Cassini took 453,000 images, one of which was this spectacular perspective captured in 2013 when the spacecraft slipped into Saturn’s shadow and turned to image the planet, seven of its moons, its inner rings and, in the background, Earth. Credit: NASA/JPL-Caltech/SSI

After two decades of incredible exploration, the Cassini Mission to Saturn is now over. The Cassini spacecraft has beamed back images and vast amounts of data, first from its flybys of Earth, Venus and Jupiter, then from 13 years spent circulating the ringed planet and its moons, as well as insights from landing the Huygens probe on the surface of Titan, the largest moon.

According to NASA, 3948 science papers have been published as a result of the mission. A search for papers in AGU journals with Cassini mentioned in the abstract published since the mission started in 1997 generated more than 750 results across 6 different journals. We are very proud that AGU has played a significant role in publishing some of the important findings from the mission. We invited some of the editors to reflect on papers published in their journals and how they have contributed to our scientific understanding. A special collection of all the papers highlighted below can be found here.

Mike Liemohn, Editor-in-Chief, Journal of Geophysical Research: Space Physics

There are over 400 papers in JGR: Space Physics with Cassini mentioned in the abstract, so it is a rather difficult task to pick out just a few to highlight. Since one measure of impact is citations, here are a few reflections on the four most-cited Cassini papers.

We knew so little about Saturn’s magnetosphere before Cassini that the initial papers published soon after orbit insertion were all “discovery studies” of never-before-seen phenomena. Only one of those initial papers makes the list, though; the other three came a few years later, when the first statistical analyses could be conducted.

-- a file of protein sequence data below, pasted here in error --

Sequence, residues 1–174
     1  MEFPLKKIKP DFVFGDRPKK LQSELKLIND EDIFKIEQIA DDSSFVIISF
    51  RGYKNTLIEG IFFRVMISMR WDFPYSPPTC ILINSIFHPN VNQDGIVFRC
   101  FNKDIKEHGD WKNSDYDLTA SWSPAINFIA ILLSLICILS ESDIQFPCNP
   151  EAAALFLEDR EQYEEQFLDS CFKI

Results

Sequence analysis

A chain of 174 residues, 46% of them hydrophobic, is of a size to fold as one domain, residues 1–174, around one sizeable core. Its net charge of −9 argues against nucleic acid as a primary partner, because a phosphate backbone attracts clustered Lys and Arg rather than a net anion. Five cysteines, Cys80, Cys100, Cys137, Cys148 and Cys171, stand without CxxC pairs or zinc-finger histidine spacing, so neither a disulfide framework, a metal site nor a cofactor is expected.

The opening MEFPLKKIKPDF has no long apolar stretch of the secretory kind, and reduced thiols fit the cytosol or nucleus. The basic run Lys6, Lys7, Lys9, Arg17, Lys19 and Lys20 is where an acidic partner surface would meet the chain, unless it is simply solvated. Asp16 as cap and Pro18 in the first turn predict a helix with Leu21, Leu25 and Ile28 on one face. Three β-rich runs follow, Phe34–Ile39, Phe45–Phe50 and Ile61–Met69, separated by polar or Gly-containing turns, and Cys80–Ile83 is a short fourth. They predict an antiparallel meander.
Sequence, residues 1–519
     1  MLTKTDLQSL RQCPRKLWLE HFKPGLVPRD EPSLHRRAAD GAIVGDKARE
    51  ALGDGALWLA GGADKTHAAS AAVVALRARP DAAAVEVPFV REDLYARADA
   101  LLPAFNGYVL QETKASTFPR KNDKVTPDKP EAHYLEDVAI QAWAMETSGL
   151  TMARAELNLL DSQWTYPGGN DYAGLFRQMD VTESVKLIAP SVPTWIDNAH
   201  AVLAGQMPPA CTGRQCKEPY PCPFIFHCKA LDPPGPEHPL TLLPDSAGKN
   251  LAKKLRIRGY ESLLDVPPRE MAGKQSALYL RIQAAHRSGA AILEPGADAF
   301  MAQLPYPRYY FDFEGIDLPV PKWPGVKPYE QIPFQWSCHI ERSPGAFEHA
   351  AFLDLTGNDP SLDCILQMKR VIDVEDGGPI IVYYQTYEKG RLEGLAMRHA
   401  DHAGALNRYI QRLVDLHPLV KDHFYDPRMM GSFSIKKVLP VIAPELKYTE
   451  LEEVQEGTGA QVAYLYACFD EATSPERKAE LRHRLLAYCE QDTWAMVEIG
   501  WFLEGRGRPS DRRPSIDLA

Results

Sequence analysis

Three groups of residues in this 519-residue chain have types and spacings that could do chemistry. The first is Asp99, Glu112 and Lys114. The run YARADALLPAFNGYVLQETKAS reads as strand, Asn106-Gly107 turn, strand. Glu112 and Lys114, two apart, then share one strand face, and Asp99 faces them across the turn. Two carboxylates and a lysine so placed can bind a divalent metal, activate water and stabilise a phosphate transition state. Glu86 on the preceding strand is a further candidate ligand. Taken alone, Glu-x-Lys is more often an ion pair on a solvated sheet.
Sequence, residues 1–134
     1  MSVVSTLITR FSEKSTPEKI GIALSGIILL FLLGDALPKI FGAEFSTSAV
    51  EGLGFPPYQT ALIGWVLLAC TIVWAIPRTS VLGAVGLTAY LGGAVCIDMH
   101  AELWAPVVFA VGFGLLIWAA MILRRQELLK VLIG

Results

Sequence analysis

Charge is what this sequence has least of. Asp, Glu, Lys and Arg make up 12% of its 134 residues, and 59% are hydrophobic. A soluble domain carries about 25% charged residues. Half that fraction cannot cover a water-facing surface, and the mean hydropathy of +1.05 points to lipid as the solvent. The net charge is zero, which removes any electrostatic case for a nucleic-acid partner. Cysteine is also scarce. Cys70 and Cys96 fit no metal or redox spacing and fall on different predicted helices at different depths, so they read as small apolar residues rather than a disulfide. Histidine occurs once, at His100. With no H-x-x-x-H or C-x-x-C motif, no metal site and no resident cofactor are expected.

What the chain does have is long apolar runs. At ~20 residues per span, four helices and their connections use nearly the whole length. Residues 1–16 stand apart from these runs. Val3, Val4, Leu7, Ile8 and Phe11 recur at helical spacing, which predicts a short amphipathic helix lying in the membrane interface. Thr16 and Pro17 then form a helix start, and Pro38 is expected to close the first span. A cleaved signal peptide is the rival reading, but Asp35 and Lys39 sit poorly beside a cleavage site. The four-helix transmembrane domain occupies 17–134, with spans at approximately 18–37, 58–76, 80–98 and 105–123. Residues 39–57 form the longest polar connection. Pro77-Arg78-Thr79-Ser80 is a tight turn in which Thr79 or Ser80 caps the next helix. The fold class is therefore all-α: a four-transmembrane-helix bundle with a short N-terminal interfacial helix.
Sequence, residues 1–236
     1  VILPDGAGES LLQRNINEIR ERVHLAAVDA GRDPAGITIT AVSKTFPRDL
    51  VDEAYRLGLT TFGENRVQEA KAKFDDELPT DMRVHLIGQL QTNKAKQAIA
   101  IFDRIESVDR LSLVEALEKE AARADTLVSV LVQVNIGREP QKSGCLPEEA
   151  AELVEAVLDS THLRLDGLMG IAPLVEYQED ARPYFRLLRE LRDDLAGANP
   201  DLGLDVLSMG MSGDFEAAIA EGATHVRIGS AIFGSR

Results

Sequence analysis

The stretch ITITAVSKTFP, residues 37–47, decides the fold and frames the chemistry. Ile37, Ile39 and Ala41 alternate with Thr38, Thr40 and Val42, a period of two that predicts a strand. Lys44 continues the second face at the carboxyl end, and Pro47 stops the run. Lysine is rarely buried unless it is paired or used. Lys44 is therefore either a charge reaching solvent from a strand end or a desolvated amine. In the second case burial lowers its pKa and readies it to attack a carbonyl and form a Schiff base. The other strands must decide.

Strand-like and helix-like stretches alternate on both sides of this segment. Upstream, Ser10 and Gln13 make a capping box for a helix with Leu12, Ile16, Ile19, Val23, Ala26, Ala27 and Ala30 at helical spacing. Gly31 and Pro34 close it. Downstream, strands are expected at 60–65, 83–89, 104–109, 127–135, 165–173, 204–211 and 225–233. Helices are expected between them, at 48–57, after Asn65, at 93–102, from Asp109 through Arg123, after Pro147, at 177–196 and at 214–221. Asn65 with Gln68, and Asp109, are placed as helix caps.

In poll position, the most-cited paper is Schippers et al. [2008], who presented an analysis of the electrons seen by several instruments. A complementary study of the ion populations in Saturn’s magnetosphere, second on the most-cited list, was conducted by Thomsen et al. [2010]. In addition to the survey results describing the charged particles environment around Saturn, these studies also include detailed methodologies for handling tricky instrumentation obstacles: sensor intercalibration in the first case and moments calculations in the second.

The third most-cited paper, also related to the plasma environment of Saturn, is Cowley et al. [2005], who examined Cassini measurements in the magnetosphere in relation to Hubble Space Telescope observations of Saturn’s aurora. It is an elegant explanation of spiral auroral structures being related to magnetic reconnection behind the planet in the magnetotail and the subsequent convection due to Saturn’s fast rotation. It also demonstrated that solar wind dynamic pressure controls this magnetotail reconnection, rather than the direction of the interplanetary magnetic field, as is the case at Earth.

The fourth most-cited Cassini paper in the journal is about the famous question of the planetary rotational period [Kurth et al., 2008]. Much of the sphere that we call Saturn is a fluid, not a solid, and the “surface” that we see is really just the top of a particular cloud layer. This allows for something called differential rotation, in which different latitudes rotate at different rates, making it very difficult to determine a definitive and single planetary rotation rate.

Plasma swirling around Saturn is correlated to bursts of radio waves emanating from the planet. The image on the left was obtained by the ion and neutral camera, part of the magnetospheric imaging instrument, and the data on the right from Cassini’s radio and plasma wave subsystem. Credit: NASA/JPL/JHUAPL/University of Iowa